|Future transportation will require a broad portfolio of fuel technologies. Click to enlarge.|
Using hydrogen and fuel cells in transport and power generation could halve global carbon dioxide emissions by 2050 but major challenges need to be overcome—and more private and public investment needs to be made—according to a new report by the International Energy Agency (IEA).
But even under the most optimistic conditions, hydrogen will support just 30% of the global stock of vehicles by 2050, according to the IEA study, Prospects for Hydrogen and Fuel Cells. As a result, transportation will require a mixed portfolio of fuel technologies, including biofuels and synthetic fuels.
The IEA study suggests that hydrogen and fuel cells can have a significant role in the energy system if current targets for reducing their costs can be met and if Governments give high priority to policies for reducing CO2 emissions and oil dependence.
In the next few decades, hydrogen costs would need to be reduced three- to ten-fold and fuel cell costs by ten- to fifty-fold. Substantial improvements are also needed in hydrogen transportation and storage, and fuel-cell performance. At same time, the report argues, governments need to implement decisive policies and incentives to promote emission savings and diversify the energy supply.
Under the most favorable conditions, hydrogen fuel cell vehicles would enter the market around 2025 and power 30% of the global stock of vehicles by 2050—the equivalent of about 700 million vehicles.
The oil saving would then be equivalent to some 13% of global oil demand (or 5% of the global energy demand). Because the fuel cell efficiency is more than twice that of combustion engines, the energy needed to fuel these hydrogen vehicles would be less than 3% of the global energy demand, according to the IEA researchers.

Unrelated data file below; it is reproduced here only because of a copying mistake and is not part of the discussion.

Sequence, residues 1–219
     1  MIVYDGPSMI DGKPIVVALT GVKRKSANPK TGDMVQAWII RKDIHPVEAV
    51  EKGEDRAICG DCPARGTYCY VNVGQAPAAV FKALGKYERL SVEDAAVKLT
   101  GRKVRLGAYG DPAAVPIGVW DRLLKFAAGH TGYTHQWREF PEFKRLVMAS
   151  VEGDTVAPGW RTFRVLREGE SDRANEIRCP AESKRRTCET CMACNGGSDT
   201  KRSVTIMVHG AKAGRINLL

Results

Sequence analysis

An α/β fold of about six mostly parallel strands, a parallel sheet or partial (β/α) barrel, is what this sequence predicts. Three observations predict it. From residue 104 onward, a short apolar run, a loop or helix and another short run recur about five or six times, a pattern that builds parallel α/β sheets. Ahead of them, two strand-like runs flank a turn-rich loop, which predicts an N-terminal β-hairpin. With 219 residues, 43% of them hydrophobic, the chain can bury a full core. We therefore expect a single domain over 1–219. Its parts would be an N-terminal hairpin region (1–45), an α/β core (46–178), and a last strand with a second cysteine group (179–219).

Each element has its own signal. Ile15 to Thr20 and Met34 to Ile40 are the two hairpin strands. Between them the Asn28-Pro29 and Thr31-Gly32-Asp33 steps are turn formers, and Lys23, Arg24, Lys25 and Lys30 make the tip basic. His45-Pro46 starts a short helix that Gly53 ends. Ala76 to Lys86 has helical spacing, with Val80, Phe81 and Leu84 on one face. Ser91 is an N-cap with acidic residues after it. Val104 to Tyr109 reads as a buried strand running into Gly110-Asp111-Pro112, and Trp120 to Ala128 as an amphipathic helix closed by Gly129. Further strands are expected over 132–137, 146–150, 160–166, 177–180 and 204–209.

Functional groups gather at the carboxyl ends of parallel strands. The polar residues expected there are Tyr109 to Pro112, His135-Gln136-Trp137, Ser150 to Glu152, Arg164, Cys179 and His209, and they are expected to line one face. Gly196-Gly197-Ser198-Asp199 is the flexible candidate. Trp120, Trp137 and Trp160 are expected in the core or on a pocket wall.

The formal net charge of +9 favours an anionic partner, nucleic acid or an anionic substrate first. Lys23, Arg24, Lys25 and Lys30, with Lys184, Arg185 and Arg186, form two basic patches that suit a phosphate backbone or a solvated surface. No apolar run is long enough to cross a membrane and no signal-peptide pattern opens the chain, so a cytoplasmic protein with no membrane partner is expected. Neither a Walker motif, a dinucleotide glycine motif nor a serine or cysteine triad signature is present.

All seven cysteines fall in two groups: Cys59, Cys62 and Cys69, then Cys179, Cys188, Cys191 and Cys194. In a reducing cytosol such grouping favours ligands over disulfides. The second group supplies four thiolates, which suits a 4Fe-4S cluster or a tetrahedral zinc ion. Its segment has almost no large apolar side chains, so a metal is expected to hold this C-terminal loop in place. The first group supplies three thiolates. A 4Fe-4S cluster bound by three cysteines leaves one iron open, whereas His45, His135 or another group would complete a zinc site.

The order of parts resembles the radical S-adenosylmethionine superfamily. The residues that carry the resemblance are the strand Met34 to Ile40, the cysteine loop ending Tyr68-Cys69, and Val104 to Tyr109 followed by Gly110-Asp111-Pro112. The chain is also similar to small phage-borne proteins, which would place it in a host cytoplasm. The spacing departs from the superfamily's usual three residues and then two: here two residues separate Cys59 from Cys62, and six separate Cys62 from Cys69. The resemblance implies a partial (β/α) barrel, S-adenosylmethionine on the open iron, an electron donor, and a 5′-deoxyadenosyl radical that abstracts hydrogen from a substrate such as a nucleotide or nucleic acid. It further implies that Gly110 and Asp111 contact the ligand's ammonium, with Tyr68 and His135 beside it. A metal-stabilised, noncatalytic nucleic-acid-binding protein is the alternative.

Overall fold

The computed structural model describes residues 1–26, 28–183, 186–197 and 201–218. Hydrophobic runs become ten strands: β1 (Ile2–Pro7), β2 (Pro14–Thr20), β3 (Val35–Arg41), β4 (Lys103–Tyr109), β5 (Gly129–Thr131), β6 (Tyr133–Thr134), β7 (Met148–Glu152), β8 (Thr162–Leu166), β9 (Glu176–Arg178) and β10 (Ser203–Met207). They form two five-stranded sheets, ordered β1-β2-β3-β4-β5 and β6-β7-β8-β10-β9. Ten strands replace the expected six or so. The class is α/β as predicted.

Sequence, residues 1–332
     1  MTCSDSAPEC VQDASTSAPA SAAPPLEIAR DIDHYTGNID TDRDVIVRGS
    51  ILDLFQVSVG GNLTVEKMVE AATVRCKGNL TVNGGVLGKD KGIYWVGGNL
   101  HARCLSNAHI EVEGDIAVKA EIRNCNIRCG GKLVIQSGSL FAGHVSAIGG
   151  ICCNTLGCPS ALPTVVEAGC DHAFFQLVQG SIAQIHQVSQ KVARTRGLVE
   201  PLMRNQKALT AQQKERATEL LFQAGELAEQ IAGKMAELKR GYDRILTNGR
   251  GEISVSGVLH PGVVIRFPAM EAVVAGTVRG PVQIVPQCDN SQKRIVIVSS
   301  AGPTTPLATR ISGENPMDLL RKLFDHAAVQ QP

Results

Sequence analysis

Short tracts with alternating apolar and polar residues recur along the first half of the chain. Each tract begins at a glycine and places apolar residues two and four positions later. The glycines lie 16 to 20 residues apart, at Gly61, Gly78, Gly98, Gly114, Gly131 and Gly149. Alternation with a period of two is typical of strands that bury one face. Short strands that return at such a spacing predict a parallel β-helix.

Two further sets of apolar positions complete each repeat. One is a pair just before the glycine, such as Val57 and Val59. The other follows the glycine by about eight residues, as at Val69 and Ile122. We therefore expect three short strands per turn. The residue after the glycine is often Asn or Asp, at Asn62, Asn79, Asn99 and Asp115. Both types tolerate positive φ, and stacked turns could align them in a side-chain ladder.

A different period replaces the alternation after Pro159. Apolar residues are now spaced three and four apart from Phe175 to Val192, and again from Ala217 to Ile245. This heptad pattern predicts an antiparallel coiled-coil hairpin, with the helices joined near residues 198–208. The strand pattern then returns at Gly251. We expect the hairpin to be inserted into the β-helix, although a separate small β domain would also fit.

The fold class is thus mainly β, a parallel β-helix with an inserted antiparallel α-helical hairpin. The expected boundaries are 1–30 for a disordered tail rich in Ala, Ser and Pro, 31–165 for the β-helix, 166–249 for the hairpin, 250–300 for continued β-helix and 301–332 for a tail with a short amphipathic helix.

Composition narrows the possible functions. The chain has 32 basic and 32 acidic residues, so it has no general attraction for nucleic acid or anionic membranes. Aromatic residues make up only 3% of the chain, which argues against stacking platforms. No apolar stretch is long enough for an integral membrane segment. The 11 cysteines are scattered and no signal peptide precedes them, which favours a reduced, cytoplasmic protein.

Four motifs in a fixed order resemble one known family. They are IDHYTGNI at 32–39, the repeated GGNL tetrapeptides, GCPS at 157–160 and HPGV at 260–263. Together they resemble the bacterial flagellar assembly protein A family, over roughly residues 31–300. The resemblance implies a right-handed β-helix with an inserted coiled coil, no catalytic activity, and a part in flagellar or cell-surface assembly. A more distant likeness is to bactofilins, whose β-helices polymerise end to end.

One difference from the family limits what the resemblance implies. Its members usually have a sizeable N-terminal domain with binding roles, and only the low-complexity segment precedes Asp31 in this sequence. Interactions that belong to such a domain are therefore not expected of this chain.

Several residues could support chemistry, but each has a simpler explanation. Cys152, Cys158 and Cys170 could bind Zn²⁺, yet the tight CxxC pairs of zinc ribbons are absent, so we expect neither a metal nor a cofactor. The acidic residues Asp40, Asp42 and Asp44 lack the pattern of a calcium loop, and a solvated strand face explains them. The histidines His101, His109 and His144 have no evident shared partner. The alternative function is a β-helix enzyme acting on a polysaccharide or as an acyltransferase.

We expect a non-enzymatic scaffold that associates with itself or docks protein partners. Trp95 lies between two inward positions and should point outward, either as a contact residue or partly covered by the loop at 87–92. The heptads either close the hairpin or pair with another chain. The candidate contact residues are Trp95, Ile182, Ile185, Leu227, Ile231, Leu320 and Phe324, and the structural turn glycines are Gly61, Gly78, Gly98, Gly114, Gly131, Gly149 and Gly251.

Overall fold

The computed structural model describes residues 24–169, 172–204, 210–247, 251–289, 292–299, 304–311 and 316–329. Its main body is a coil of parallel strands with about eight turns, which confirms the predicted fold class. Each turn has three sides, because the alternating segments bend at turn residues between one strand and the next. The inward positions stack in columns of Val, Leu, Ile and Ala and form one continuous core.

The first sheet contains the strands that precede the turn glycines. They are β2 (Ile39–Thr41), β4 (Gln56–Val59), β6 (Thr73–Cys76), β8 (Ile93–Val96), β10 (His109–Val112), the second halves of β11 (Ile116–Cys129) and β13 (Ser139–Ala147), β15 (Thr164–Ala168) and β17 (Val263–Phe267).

Under these conditions, the collective impact of hydrogen and other emerging technologies could halve global CO2 emissions by 2050.
However, hydrogen and fuel cell vehicles will only play a significant role under these favorable assumptions. If less optimistic assumptions are considered for technology development and policy measures, hydrogen and fuel cell vehicles are unlikely to reach the critical mass that is needed for mass market uptake. Competing fuels with lower infrastructure costs, such as biofuels and synthetic fuels derived from coal and gas, would play a larger part.
The report also concludes that deployment of a hydrogen infrastructure now would be premature, as some of the key technical issues that are still being worked on—such as fuel cell operating conditions and hydrogen on-board storage—may have a considerable impact on the choice of technologies for hydrogen production, distribution, and refuelling.
Given that natural gas and coal are likely to remain the lowest-cost sources of hydrogen for many years to come, the report notes that:
...large-scale CO2 capture and storage, already of the highest importance to mitigate emission in the power sector, is also a vital step towards the wider use of hydrogen.